Rusty Guns and Buttery Soldiers: The Effect of Unemployment on Transatlantic Defense Spending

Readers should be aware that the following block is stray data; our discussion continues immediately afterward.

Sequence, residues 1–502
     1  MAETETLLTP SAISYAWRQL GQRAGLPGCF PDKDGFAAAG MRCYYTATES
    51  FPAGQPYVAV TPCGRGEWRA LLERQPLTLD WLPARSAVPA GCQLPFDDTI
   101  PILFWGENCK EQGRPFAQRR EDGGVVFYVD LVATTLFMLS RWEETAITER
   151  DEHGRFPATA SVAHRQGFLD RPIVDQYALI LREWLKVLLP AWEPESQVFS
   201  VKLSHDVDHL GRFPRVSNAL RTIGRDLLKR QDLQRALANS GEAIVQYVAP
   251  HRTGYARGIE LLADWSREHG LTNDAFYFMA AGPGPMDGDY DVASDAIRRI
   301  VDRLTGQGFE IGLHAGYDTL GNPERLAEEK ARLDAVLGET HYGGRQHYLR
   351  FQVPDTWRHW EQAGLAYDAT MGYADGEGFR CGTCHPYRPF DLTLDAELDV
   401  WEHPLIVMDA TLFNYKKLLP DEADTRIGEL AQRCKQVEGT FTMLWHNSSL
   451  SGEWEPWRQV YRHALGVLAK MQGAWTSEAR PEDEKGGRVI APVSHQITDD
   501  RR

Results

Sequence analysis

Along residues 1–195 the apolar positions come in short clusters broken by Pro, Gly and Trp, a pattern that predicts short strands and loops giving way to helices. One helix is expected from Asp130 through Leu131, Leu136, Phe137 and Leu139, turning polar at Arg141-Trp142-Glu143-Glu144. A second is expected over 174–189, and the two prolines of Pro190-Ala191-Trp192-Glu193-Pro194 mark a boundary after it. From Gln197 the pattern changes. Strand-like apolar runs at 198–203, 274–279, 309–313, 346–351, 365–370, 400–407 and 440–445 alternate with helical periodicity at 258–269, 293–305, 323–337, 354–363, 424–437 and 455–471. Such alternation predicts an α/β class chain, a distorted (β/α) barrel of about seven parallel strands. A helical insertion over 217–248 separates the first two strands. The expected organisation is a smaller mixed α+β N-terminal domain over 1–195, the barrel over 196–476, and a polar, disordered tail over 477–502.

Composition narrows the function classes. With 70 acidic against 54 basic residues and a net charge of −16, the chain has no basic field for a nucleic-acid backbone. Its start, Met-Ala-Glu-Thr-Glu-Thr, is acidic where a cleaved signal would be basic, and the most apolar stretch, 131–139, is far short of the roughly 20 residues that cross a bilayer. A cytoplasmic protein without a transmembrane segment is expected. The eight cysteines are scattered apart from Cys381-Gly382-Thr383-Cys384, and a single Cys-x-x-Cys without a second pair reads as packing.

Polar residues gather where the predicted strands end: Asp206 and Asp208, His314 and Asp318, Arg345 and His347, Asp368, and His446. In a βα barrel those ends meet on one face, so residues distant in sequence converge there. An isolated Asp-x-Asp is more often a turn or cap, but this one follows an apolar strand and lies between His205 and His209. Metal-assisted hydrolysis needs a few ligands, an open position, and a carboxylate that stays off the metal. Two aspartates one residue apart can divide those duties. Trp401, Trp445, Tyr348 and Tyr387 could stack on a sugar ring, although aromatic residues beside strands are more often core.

Scholarship on the relationships between key macroeconomic variables and defense investment is divided on both the appropriate level of aggregation for such analysis, and the direction of causality between macroeconomic variables and defense investment. Both NATO and the EU, through the European Defence Agency (EDA) have established formal or informal targets for categories of defense expenditures, indicating the policy importance of disaggregation. I argue that states respond to increasing unemployment not necessarily by changing what they spend on defense, but by allocating more existing defense resources to personnel, which has a direct effect on employment, rather than equipment or other expenditures, which would have only an indirect effect, if any at all. I find evidence in support of this argument by using shocks in the residential real estate markets of the states in question as an instrument for unemployment. I find that when states experience increases in unemployment, they move resources toward personnel and away from other categories of defense expenditures, namely equipment, operations, and infrastructure. Aggregated defense spending data hides the possible use of military expenditures as an economic stabilizer.